Paribas had no stake in either of these two European-Arab consortium banks, and was debating whether it might be appropriate to join one of them. If the Bank were to join a consortium, it would want to take an active role in banking activities in the Gulf, rather than merely take a financial interest. This strategy was prompted by the fact that the Middle East s share of world crude oil production continued to rise - from 24 percent in 1960, to 39 percent by 1971.

Early in 1970, Paribas learned that Banque Franco-Arabe d Investissement was preparing to expand its circle of shareholders and bring in Italian bank Banca Nazionale del Lavoro (BNL), Belgium-based Société Générale de Banque and Spanish private bank Banco Urquijo. Some members of the senior management of Paribas were tempted to apply and debate the opportunity, although Jacques de Fouchier was opposed to Paribas participating in consortium banks, regarding them as too difficult to control. This ongoing strategic debate did not prevent Paribas from continuing to seek contacts and visiting the Gulf States, with the interest still driven by de Kémoularia.

A strong indicator of Paribas interest in the Arab world in general and the Gulf States in particular was the foundation of the Franco-Arab Chamber of Commerce in Paris in 1970. Paribas was a founder member of the organisation, and its first treasurer was Hubert de Saint-Amand, Head of Middle East and Africa at Paribas.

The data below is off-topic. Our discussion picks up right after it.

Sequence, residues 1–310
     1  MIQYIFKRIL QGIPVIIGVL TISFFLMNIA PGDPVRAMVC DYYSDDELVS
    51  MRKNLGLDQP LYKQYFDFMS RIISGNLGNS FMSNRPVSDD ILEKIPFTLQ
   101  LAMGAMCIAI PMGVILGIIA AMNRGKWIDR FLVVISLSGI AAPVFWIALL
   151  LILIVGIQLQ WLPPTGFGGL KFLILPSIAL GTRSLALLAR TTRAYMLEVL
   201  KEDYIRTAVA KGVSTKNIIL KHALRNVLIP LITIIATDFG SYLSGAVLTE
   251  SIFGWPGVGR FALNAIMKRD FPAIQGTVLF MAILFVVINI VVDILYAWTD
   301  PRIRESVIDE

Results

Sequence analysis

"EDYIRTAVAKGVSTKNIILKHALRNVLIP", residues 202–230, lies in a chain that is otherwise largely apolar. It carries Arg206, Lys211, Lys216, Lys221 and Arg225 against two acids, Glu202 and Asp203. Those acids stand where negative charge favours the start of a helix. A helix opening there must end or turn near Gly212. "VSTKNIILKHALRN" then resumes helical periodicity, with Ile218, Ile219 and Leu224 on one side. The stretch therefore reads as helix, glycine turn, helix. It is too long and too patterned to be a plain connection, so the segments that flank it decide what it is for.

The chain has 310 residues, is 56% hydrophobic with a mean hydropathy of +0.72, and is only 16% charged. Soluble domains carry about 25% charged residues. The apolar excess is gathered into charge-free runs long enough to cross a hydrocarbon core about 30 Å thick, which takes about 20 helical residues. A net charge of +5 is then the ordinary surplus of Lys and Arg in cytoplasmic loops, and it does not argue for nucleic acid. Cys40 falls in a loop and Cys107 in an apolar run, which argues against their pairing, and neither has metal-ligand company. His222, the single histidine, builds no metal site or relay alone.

French government push

The French government wished to develop strong economic relations with the Gulf States. President Charles de Gaulle s policy towards Arab countries, a policy continued by his successor Georges Pompidou, meant that France received a warm welcome in the region. Jean de Lipkowski, Secretary of State for Foreign Affairs, had recently visited the Gulf States, and this visit had resulted in the decision to appoint a French ambassador to each state. The political climate was therefore propitious for good economic relations.

The continuing increase in oil revenues was now transforming the region into one of the greatest sources of international liquidity and created a situation where the oil-producing states, especially the emirates with their small populations, were having difficulty finding a suitable outlet for these new funds. This capital was mainly being used to finance the countries development plans but, as flows increased, it became necessary to seek investment channels outside their own borders. So they began to consider not only lending the oil revenues out but also making capital investments in industrialised countries.

Against this backdrop, de Kémoularia visited the Gulf States in May 1972, aiming to push ahead the process of opening branches. The trip was arranged in co-ordination with the French Ministry of Foreign Affairs, and de Kémoularia received valuable assistance from Paul Carton, the French ambassador to Kuwait, who had just received diplomatic accreditation from the other emirates in the region.

HUBERT DE SAINT-AMAND,

HEAD OF MIDDLE EAST AND AFRICA AT PARIBAS AND TREASURER

OF THE FRANCO ARAB CHAMBER OF COMMERCE IN PARIS, 1979

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